China's Consulate General in Chicago is demanding tougher punishment on the man who kidnapped Zhang Yingying, a visiting Chinese scholar at the University of Illinois at Urbana-Champaign (UIUC), after the suspect was arrested Friday evening.
Chinese Consul General to Chicago Hong Lei visited Zhang's family on Saturday and said the Consulate General would urge the U.S. to severely punish the suspect, according to a notice released on the consulate's website on Sunday.
In an interview with the Xinhua News Agency, Hong said "we are heartbroken [when we heard the news]," and that is how all Chinese people feel about the case.
Hong called for a fair trial and continuous attention from UIUC. "Yingying is a student at UIUC, and her safety is closely related to the university."
Brendt Christensen, a 28-year-old resident of Champaign, Illinois, was charged with kidnapping Zhang, who authorities believe is dead.
Christensen was enrolled as a PhD candidate in experimental condensed matter physics at UIUC, but it was not clear if he was still studying at the university when he was arrested.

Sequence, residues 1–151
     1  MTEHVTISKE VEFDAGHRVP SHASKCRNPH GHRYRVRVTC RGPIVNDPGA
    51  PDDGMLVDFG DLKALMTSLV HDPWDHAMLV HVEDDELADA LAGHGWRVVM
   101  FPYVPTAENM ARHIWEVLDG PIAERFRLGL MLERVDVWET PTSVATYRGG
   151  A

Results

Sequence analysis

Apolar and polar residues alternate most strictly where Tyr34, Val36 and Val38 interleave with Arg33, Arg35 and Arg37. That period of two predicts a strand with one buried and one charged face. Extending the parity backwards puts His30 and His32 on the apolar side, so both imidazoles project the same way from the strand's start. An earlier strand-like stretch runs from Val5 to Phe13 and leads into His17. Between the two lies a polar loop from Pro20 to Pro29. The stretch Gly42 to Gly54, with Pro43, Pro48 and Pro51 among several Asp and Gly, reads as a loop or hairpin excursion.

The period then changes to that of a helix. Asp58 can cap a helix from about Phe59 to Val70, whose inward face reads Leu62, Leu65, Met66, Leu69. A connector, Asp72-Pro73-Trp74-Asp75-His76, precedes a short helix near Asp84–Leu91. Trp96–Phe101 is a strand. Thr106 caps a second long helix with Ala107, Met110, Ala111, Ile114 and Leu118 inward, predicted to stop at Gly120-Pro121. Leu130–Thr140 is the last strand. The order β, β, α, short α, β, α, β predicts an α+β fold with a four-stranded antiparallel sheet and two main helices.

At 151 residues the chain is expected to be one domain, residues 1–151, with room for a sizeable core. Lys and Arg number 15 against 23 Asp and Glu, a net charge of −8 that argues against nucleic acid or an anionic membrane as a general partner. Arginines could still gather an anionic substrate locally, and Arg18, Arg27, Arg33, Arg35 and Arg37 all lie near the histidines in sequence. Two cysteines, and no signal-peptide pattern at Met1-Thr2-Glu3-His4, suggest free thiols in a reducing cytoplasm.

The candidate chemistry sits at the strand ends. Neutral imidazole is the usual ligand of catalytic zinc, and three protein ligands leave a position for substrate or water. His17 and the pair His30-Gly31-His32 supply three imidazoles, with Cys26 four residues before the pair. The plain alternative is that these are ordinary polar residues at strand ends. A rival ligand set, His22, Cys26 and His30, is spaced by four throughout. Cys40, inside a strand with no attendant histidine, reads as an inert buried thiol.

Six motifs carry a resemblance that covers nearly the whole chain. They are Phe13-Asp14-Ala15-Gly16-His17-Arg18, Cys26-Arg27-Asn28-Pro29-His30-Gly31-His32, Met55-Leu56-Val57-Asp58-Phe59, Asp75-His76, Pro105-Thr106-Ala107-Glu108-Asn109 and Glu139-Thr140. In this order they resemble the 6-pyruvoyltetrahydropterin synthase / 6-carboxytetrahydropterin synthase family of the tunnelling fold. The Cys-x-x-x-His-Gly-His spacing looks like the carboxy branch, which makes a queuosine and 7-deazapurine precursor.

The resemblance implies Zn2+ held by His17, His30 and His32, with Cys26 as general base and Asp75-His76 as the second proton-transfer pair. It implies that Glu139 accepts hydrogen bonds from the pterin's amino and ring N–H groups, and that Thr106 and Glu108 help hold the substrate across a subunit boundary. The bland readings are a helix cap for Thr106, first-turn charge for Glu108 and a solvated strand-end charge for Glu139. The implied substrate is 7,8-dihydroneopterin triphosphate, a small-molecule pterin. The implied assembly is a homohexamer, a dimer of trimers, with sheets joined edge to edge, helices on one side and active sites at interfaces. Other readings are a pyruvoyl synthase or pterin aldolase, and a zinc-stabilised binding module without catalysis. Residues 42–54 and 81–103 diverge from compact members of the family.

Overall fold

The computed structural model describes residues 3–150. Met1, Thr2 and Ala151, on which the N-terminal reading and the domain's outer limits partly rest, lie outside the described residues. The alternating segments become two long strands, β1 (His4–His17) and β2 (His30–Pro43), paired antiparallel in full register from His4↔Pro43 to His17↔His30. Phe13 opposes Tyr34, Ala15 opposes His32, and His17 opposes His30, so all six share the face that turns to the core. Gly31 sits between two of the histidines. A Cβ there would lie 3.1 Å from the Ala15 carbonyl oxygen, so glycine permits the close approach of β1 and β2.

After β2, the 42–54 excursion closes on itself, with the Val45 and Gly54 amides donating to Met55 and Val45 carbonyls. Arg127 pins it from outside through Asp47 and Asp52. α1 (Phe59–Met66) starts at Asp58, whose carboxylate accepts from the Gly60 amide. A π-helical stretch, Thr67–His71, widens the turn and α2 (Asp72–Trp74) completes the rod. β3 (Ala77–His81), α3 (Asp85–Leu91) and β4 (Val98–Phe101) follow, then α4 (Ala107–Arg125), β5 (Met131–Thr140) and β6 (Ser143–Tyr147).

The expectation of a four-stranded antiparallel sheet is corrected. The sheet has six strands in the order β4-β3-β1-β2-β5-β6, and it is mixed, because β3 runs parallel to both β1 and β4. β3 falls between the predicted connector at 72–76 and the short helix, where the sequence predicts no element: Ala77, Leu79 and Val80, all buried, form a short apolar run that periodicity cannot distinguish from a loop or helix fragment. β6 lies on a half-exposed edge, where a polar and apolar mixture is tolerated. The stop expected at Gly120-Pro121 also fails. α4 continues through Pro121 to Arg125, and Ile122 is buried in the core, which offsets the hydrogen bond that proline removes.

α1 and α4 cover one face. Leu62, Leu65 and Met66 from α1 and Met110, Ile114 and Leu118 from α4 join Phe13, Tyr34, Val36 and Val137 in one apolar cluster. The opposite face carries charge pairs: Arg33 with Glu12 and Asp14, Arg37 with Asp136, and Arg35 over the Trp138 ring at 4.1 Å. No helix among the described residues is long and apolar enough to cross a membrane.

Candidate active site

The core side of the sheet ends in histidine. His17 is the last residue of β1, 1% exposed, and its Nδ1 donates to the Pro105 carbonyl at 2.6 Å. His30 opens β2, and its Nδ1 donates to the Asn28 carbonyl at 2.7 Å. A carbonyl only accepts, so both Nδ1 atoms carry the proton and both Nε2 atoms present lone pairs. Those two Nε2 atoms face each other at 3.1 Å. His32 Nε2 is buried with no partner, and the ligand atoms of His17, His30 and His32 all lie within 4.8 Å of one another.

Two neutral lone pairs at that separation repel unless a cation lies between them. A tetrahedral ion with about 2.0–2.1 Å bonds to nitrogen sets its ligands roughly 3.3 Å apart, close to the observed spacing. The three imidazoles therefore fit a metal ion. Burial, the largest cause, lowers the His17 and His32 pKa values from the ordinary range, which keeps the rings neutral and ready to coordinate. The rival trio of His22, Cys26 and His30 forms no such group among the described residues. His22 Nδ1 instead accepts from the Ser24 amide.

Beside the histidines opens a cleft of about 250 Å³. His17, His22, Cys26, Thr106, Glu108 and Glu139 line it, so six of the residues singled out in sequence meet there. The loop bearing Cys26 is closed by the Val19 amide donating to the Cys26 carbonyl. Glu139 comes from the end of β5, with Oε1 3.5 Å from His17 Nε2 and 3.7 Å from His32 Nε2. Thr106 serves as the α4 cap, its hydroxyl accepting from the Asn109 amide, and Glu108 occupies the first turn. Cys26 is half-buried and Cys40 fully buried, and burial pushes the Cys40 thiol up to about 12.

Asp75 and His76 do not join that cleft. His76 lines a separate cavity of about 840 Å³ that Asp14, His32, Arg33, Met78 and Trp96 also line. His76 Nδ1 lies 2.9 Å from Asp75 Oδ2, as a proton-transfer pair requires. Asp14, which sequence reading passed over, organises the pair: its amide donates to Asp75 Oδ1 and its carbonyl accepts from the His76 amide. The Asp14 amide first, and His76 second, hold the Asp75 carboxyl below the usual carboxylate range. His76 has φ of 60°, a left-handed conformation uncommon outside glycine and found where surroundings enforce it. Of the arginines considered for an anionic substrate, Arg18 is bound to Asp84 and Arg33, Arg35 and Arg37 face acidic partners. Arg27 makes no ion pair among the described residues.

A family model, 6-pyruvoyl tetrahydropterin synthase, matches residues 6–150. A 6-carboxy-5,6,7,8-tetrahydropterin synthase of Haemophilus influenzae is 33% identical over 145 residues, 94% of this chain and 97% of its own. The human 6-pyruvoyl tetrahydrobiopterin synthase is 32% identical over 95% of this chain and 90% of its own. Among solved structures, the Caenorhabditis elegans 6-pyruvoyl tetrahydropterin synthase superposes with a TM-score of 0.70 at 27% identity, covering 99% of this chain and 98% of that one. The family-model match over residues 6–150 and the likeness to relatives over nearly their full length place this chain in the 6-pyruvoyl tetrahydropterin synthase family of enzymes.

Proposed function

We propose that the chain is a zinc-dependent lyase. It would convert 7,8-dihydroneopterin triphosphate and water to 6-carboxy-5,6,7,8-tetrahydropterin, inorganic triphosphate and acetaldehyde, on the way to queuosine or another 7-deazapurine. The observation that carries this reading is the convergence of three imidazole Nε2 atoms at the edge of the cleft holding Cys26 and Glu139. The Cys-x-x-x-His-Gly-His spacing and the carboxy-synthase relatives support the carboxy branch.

The affidavit filed alleges that on June 9, Christensen was driving the black Saturn Astra as it stopped next to Zhang near the UIUC campus. Zhang was last seen on security camera video entering the front passenger side of the vehicle.
On June 29, agents overheard Christensen, who was under law enforcement surveillance, explaining that he kidnapped Zhang. Based on this and other facts uncovered during the investigation, law enforcement agents believe that Zhang is no longer alive.
Christensen will remain in custody pending his initial court appearance in Urbana on Monday.
The three-storey building the suspect lived in is located some distance away from the UIUC campus.
A girl living at a nearby building witnessed the arrest of Christensen at his home Friday evening. She said 10 to 15 police officers carrying guns and leading dogs stormed into the first floor of the apartment, and took away the suspect.
Chinese police had tried to offer help in the case, Xinhua reported Saturday, saying that a Chinese expert in simulating portraits provided the suspect's portrait to U.S. authorities based on the low quality surveillance video, which turned out to be strikingly similar to the suspect. Zhang went missing on June 9 after she got into a black car about five blocks from where she alighted from a bus as she was heading to an apartment complex.